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EPA Completes Superfund Cleanup at Abandoned Hazardous Waste Site in City of Hudson in Columbia County, New York

Release Date: 01/05/2000
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(#00006) NEW YORK, N.Y. -- The U.S. Environmental Protection Agency (EPA) completed a short-term federal Superfund cleanup action the week before Christmas at the abandoned Foster Refrigeration facility at 119 N. Second Street in Hudson, New York. Foster Refrigeration manufactured industrial refrigeration units at this property since 1946. The facility was closed in 1994 when it became the subject of an Internal Revenue Service foreclosure. In addition to heavy metals at the site, EPA found methylene chloride, cyanides and methyl ethyl ketone. All of these materials are acutely and chronically toxic or considered carcinogenic.  Human exposure could occur through inhalation of fumes or vapors, ingestion or direct contact through the eyes or skin.

EPA Regional Administrator Jeanne M. Fox said, "Our assessment of the situation indicated that action was needed to eliminate the danger of an uncontrolled release of hazardous materials from the site into the environment. We have removed that threat with the completion of this fast-track Superfund project.

"The cleanup is another success story for the national Superfund program. Without it, communities like Hudson would have nowhere to turn when faced with the perilous legacy of improper hazardous waste disposal," Ms. Fox added.

When EPA started its action in mid-November of this year, the drums were haphazardly stored and many were in deteriorated condition. The roof of the building on the site that housed these drums was leaking and holes in the walls allowed for unrestricted public access. EPA removed 68 drums, several gas cylinders and 20 cubic yards of contaminated solid waste and debris from the building for off-site disposal. The Agency dismantled and removed the contents of a 20,000 gallon aboveground tank and removed another tank for off-site disposal.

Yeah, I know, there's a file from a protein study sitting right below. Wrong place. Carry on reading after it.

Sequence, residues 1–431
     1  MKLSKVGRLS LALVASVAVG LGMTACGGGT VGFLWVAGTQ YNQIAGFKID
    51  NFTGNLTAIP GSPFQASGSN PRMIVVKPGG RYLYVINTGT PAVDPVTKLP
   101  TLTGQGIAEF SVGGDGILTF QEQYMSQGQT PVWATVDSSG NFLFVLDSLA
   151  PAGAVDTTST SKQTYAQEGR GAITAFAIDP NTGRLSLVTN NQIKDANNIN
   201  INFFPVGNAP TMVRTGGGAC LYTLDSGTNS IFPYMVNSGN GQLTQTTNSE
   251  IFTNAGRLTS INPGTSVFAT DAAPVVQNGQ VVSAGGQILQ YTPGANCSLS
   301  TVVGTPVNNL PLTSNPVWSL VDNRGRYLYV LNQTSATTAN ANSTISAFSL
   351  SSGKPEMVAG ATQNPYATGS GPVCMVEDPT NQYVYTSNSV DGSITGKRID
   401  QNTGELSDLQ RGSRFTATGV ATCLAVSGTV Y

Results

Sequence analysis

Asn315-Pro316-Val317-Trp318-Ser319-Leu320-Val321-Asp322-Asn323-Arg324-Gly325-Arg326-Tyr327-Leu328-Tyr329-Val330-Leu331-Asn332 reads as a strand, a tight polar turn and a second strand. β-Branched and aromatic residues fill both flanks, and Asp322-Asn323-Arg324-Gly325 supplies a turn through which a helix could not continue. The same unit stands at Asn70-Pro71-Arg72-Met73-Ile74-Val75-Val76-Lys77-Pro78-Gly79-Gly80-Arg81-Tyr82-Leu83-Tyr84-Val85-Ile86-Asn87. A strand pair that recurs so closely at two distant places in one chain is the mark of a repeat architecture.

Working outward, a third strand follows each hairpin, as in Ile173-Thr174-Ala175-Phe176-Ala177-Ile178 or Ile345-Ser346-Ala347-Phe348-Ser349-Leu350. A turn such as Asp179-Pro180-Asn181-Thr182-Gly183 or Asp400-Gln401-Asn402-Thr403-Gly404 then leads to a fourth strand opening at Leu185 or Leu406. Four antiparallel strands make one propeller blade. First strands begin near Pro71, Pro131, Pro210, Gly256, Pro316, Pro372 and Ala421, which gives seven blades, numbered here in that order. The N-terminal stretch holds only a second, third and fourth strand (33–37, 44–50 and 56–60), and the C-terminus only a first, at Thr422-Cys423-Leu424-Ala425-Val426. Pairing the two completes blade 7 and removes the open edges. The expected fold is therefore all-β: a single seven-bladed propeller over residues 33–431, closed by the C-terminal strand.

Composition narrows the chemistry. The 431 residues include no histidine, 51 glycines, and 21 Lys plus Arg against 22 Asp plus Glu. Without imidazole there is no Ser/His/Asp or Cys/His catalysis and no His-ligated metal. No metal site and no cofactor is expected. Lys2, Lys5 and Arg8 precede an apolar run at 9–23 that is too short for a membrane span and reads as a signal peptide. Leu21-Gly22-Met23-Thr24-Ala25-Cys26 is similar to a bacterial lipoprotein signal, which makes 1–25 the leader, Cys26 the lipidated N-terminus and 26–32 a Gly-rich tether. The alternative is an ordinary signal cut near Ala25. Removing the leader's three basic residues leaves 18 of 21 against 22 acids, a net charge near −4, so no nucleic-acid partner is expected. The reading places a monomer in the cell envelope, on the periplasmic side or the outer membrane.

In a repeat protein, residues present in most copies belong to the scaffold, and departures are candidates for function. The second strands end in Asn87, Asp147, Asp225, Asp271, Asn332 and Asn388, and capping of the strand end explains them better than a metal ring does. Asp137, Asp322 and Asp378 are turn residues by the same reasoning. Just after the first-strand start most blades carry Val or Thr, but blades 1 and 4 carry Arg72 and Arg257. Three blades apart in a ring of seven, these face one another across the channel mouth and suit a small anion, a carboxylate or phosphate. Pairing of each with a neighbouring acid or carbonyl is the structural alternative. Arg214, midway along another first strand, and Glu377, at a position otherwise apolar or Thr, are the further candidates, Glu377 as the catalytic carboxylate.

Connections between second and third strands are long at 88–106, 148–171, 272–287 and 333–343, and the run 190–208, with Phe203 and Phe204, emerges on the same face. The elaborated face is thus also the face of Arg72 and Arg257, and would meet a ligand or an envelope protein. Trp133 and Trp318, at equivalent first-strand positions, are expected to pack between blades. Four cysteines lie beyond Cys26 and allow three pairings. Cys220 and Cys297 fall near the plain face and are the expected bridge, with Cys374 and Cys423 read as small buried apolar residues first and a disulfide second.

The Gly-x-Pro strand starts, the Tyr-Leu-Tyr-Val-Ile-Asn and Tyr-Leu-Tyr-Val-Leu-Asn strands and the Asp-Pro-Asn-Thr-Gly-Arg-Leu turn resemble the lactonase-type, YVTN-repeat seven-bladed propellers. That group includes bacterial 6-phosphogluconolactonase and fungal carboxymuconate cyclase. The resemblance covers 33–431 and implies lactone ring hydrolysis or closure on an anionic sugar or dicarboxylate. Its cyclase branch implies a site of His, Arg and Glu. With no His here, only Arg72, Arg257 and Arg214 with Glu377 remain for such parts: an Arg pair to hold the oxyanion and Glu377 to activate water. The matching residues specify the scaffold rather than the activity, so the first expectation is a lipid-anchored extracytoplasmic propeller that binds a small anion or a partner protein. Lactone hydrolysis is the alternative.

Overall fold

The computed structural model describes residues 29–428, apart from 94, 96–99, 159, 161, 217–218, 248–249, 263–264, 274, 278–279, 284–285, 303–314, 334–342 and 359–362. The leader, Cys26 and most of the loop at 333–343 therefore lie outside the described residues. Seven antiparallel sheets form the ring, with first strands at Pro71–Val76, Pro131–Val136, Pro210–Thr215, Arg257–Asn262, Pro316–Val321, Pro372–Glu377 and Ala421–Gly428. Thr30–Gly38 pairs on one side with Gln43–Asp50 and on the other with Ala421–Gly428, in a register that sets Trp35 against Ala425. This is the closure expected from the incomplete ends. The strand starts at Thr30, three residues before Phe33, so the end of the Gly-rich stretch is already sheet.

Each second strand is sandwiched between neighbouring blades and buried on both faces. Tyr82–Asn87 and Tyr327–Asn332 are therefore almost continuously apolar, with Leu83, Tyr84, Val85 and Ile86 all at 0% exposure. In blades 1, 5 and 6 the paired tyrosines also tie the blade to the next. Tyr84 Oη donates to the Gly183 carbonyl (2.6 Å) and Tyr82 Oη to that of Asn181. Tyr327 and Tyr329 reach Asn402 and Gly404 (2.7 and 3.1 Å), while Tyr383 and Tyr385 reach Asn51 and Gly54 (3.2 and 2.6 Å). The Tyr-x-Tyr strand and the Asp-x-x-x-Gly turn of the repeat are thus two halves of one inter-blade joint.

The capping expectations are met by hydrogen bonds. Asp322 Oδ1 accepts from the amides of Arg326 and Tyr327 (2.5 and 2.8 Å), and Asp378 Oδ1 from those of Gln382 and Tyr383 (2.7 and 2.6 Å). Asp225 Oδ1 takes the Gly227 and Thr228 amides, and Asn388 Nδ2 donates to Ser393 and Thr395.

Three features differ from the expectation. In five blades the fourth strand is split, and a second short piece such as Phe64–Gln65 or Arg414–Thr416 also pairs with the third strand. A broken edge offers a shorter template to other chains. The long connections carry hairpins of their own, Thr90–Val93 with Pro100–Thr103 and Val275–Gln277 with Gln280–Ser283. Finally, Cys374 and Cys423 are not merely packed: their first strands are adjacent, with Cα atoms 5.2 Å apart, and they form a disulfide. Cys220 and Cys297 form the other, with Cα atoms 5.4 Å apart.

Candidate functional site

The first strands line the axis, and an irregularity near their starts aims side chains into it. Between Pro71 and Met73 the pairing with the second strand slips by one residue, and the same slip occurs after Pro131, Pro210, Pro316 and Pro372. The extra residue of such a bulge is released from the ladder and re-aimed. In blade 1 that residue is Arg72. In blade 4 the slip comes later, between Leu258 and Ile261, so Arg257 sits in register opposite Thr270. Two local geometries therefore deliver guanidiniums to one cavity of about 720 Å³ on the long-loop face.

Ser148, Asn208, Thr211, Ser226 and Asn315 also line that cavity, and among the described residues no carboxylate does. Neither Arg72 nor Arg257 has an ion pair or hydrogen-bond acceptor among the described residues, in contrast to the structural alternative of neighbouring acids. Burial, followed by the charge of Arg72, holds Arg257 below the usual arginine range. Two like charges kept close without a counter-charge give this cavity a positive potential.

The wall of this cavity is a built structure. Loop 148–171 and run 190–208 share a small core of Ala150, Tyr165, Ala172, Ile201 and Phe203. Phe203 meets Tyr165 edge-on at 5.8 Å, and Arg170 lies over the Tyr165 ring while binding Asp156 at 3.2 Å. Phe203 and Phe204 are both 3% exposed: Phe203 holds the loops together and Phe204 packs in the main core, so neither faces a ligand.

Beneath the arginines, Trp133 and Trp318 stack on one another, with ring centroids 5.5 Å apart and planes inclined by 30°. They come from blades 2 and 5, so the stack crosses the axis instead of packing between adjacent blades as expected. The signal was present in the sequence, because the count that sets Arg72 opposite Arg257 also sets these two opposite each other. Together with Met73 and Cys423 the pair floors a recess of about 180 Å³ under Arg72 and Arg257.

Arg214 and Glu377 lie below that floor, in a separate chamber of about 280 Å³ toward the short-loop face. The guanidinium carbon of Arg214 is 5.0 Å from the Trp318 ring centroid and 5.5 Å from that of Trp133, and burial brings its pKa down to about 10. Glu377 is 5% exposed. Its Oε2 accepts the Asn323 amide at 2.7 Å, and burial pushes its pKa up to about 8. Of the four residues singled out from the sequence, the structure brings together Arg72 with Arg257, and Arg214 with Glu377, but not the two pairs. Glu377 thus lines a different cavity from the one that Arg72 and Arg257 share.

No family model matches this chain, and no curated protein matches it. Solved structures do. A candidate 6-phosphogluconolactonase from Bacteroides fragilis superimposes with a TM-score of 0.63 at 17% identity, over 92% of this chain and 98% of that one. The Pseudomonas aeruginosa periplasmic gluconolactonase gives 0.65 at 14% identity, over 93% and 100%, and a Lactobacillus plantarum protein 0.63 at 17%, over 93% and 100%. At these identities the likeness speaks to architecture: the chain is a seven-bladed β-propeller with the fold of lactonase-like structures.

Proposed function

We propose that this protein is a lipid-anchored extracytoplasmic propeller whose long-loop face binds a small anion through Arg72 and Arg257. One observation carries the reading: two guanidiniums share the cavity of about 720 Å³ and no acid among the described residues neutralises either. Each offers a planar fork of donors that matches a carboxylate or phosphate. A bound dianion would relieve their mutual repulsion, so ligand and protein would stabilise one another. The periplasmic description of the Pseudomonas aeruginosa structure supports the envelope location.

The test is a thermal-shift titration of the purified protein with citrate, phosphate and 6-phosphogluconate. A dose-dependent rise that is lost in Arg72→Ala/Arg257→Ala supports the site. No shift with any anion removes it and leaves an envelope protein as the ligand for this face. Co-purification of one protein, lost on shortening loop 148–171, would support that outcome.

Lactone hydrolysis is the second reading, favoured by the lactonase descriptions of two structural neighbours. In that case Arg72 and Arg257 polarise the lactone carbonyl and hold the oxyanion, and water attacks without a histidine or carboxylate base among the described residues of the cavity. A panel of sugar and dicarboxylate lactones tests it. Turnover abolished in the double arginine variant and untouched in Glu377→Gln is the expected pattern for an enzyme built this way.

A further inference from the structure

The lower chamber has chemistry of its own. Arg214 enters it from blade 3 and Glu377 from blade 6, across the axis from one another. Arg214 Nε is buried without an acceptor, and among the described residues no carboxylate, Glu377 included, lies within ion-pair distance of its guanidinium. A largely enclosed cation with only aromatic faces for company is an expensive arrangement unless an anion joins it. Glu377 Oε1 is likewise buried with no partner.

Three underground tanks containing hazardous materials outside the building were cut, cleaned out and filled with sand. EPA also found, removed and disposed of several buried drums and numerous drum fragments on the property during its action, which cost approximately $250,000 and was financed  through the Superfund Trust Fund.

"The cleanup operation went smoothly and city officials were extremely helpful during the course of the action. We intend to turn this foreclosed property over to the City of Hudson. Hopefully, this eyesore can be redeveloped for productive reuse that will provide some benefit to the community," Ms. Fox said.